I must confess I was skeptical of the “I was walked home by White” stories, but darned if he didn’t do just that! He would scamper ahead for a bit, or drop back, but all the while kept roughly even with me. And when, on several occasions, we were approached by other night time pedestrians, he snugged in closer to my side. He escorted me halfway to my home, before veering off toward the houses that most regularly feed him. I think he sensed that my panic had abated and I would be okay on my own.

So, diamonds are officially no longer this girl’s best friend. That title belongs to chivalrous dogs that appear in the moonlight.

Wednesday, August 24, 2005


This weekend was a whirlwind of fun. Friday night, most of my friends were busy so my housemate Joanna and I decided that the only course of action was to order pizza and ice cream and watch Sex and the City. Ah bliss.

Saturday I had my very first “real” hiking/camping experience. That is, one which involves a bit more than driving to a campsite and picking a spot not too far away from the bathrooms! 9 intrepid explorers from among the staff decided to tackle the nearby mountain ridge of Bennogg Tibba. The Himalayas in their entirety are considered sacred and so there are Hindu temples on many a peak and Bennogg Tibba is no exception. One of my friends had camped there before and he rallied the rest of us to join him on the outing.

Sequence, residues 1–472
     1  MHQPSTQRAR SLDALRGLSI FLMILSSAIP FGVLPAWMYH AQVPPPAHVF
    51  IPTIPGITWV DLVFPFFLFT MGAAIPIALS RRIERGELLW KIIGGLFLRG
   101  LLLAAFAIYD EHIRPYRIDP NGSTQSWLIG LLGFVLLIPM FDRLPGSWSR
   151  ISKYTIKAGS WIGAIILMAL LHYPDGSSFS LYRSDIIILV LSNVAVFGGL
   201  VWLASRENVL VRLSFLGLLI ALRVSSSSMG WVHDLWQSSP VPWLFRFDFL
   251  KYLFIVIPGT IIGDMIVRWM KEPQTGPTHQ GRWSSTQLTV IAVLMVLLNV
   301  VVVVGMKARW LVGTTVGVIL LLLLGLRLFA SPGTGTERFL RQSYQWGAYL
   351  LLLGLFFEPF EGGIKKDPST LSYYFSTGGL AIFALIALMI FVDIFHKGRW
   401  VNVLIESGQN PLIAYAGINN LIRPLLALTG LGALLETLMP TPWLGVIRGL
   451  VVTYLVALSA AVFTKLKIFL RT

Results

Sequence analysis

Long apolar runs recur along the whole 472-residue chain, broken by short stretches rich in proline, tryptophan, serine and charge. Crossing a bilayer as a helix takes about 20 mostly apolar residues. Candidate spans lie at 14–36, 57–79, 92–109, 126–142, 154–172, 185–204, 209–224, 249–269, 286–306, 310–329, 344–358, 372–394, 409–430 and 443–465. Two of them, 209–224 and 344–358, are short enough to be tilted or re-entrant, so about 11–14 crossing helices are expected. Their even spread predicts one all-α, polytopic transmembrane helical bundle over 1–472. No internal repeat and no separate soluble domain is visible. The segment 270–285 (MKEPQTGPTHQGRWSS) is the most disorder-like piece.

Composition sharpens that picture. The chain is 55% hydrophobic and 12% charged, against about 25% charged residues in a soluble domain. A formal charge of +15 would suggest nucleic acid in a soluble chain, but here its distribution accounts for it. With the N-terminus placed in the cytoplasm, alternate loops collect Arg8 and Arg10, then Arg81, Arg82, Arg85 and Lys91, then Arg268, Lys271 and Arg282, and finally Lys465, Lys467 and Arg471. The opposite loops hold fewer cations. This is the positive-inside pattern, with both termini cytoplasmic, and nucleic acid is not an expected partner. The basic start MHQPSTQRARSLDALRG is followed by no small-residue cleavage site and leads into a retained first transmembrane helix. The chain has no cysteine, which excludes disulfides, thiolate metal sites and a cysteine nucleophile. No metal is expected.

The hike was deemed “easy” by the experienced in the group and “grueling” by yours truly. Well, perhaps not grueling but I was more than ready to be there by the time we arrived. It took us about an hour and a half to reach our destination and it was a fairly gradual but relentless incline. I took my designated spot—dead last—and trudged along focusing on breathing and not falling off the edge of the mountain. Not ideal for sight seeing, but I did stop every now and again to catch my breath and look around.

We had a bit of excitement along the way in the form of a brief confrontation with a herd of water buffalo. They were blocking the path and we (no, not "we" but rather Angie, a fearless biology teacher and veteran hiker) decided to go through them rather than around. They took offense and there were a few testy moments when one did a fake charge in our direction but the conflict was resolved peaceably and we continued on our way.